Mayor Breed has directed San Francisco Police Department (SFPD) to establish an explicit policy barring the use of military-grade weapons against unarmed civilians. This includes, but is not limited to, chemical weapons such as tear gas, bayonets, and tanks. This plan will call on SFPD to inventory and plan how to divest the Department of any such weapons currently in their possession by the end of 2021, and to create safeguards to disconnect the SFPD from federal grants for weapons of attack used against the community.
End Use of Police as a Response to Non-Criminal Activity
In order to limit unnecessary confrontation between the SFPD and the community, San Francisco will work to divert non-violent calls for service away from SFPD to non-law enforcement agencies. Over the next year, the City will develop a systematic response plan to improve direct connection to community-based or City service providers, such as the CAHOOTS model of crisis response or the Homeless Outreach Team or Street Medicine behavioral health professionals. This plan will also reduce the need for armed police interventions in our schools.
Address Police Bias and Strengthen Accountability
To reduce the persistence of police bias, the Mayor has directed the Department of Human Resources, Department of Police Accountability, and SFPD to identify and screen for indicators of bias, improve training systems, improve data sharing across Departments, and strengthen the SFPD’s Early Intervention System for use of force violations.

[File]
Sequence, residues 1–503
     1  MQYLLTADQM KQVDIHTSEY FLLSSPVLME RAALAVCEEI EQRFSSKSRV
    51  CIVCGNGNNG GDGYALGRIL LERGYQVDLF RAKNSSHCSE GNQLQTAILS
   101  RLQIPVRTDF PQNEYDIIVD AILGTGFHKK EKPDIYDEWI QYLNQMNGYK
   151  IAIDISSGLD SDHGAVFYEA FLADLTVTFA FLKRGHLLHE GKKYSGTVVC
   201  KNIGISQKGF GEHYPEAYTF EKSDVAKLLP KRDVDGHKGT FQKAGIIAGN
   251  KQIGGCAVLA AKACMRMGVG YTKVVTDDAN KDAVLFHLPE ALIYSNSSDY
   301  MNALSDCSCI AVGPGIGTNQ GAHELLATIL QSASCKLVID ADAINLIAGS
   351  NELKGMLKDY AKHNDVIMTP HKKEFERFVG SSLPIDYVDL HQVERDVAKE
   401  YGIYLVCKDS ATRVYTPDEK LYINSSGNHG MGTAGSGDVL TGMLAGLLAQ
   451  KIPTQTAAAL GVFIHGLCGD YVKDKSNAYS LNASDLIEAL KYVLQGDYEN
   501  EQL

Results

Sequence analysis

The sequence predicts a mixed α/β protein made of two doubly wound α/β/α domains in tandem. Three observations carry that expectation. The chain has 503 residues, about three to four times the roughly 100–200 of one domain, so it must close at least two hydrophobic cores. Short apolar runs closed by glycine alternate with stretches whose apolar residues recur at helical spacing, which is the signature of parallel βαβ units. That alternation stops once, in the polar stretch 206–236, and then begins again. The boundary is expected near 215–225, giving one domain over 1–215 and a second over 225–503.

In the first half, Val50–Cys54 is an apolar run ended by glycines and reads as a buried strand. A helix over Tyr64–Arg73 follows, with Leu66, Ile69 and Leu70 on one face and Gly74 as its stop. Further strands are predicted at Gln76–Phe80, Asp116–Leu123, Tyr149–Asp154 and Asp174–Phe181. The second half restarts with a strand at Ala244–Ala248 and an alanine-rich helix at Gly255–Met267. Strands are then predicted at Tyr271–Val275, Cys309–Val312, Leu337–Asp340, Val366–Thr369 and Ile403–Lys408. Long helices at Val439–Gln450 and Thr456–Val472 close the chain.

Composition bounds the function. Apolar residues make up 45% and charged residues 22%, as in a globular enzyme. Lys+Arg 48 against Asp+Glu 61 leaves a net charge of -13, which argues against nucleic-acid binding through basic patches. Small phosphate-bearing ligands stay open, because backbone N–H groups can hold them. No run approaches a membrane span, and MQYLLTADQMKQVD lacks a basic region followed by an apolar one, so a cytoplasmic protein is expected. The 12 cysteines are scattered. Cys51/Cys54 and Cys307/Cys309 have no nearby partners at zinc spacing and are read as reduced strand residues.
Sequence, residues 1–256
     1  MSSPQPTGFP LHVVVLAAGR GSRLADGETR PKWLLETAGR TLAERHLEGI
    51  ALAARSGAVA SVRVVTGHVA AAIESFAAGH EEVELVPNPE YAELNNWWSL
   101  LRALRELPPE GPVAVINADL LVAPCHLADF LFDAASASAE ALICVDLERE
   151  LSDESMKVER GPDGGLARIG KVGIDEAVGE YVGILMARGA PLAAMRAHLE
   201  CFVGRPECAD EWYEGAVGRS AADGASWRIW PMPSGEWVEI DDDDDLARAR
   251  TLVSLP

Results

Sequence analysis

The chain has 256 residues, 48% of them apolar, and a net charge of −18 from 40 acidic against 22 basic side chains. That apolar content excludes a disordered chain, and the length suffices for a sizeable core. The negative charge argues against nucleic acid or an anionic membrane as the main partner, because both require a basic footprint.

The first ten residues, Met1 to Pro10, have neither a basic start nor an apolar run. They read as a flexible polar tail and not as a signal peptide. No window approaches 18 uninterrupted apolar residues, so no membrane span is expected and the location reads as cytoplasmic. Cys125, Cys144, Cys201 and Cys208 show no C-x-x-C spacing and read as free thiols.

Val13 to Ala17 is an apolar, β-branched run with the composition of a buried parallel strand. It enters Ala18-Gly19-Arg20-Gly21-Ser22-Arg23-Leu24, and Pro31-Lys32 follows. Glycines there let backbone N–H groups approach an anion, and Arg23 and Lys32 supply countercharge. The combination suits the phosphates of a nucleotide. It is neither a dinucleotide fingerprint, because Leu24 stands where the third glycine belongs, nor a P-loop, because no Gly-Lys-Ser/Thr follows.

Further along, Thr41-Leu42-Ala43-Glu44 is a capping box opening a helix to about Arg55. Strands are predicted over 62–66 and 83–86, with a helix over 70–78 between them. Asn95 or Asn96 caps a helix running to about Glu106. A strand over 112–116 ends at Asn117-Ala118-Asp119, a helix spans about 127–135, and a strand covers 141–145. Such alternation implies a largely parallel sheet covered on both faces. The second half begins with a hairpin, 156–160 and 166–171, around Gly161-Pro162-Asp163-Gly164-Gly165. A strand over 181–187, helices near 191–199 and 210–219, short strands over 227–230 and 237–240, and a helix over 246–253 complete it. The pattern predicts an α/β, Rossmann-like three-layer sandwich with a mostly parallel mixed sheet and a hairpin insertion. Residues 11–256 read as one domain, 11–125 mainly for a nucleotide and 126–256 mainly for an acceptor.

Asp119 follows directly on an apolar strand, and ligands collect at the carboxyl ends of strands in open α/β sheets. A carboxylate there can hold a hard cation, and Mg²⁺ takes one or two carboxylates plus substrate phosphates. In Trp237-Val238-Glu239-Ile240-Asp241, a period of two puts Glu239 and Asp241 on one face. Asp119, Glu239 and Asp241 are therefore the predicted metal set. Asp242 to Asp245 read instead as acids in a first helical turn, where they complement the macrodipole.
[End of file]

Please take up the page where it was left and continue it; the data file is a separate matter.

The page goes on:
Starting immediately, the Department of Human Resources will audit all SFPD and San Francisco Sheriff hiring and promotional exams to incorporate state-of-the-art testing for bias and potential for abuse of force. Moving forward, the SFPD and Police Commission will also strengthen the affirmative duty to act policy and tie any violation to transparent disciplinary action.
The Mayor has also directed the Department of Police Accountability to expand their focus beyond individual instances of misconduct, using the Department’s chartered authority to evaluate patterns and practice of bias within the SFPD.
Redirect Funding for Racial Equity
Mayor Breed has announced that divestments from law enforcement will support intentional investment of funds in programs and organizations that serve communities that have been systematically harmed by past City policies.
Decades of disinvestment in the African-American community and racially disparate policies in San Francisco have exacerbated disproportionate harm in Black communities, affecting outcomes from health and wellness to housing insecurity and economic outcomes. On June 4, Mayor Breed and Supervisor Shamann Walton announced a plan to prioritize the redirection of resources from the San Francisco Police Department to support the African-American community in the upcoming budget. They will lead a collaborative process with the community in partnership with the Human Rights Commission to help identify and prioritize funding needs.